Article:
The acquisition of Hangul writing system among Korean language learners in a multilingual context
Poster presentation on PhD Day
12:30 PM, Monday 28 Aug 2017 (1 hour)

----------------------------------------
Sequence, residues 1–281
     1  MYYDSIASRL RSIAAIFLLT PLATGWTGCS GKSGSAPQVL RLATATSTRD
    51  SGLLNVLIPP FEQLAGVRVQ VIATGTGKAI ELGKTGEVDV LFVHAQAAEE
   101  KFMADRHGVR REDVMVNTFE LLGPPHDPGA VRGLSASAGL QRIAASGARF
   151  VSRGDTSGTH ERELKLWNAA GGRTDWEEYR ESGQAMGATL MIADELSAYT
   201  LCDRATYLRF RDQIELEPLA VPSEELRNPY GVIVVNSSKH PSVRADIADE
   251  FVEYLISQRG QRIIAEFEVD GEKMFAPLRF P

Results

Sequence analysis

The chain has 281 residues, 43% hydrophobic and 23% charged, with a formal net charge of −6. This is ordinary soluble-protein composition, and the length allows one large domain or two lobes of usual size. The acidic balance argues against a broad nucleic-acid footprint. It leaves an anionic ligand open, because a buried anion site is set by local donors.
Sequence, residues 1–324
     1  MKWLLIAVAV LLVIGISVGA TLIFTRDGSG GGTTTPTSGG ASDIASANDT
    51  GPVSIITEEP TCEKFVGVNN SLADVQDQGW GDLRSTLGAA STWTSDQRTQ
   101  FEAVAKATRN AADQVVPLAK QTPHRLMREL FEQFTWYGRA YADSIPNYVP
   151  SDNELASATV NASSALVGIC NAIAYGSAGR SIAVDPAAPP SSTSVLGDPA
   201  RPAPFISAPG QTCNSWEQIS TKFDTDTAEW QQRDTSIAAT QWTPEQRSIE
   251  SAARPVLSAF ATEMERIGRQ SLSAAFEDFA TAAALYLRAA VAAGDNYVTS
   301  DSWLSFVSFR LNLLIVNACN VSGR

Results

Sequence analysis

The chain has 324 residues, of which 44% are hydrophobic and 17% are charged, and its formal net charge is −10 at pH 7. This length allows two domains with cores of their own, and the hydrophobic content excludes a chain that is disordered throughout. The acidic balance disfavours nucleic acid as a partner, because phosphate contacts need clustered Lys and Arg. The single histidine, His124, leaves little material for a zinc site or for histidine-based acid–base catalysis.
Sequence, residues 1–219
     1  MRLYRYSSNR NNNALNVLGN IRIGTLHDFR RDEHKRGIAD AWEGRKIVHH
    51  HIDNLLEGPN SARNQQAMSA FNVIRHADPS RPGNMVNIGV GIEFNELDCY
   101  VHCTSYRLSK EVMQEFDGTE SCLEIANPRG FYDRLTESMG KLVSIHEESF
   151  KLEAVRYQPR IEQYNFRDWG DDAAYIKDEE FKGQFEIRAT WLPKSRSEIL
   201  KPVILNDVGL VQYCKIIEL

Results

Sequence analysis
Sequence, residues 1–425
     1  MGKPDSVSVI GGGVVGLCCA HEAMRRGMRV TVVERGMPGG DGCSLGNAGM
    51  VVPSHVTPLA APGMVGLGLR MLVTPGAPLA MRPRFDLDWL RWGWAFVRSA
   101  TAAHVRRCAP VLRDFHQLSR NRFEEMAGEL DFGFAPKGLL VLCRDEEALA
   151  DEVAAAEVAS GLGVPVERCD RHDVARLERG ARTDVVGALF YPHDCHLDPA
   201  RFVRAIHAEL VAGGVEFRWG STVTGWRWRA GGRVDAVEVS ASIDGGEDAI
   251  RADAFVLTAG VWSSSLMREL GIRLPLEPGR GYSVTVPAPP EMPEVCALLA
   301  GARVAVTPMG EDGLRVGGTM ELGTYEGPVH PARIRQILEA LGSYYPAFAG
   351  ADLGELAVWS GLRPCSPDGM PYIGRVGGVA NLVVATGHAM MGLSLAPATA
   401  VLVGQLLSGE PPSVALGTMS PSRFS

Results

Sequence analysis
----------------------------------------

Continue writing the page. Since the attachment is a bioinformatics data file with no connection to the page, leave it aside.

The number of allophone immigrants to Canada, whose mother tongue is neither French nor English, has increased over the last several decades. They often choose to preserve their heritage language as a cultural integration strategy within the reality of the larger French and English communities. However, allophone immigrant students face contradictions between tools and rules in the new cultural context as they learn their heritage language. Viewed with a Vygotskian lens, written language provides the child with a new set of psychological tools, meaning that teaching and learning writing should be dealt with differently from spoken language. Korean immigrant students are more likely to face contradictions due to the distinctive writing system of Korean. This case study of a heritage language class aims to understand how second language learners acquire the Korean writing system as a set of psychological tools situated within the multilingual context of Montreal. Using CHAT as an approach to learning writing requires learners to engage in literacy activities so that teachers and parents understand students’ writing in response to the demand of their discourse communities. Based on this perspective, our analysis focuses on three central contradictions faced by second language learners of Korean: (1) that between the Korean writing system and the Latin alphabet, (2) that between Korean and French word meaning, and (3) that between the Korean and French grammatical marking systems.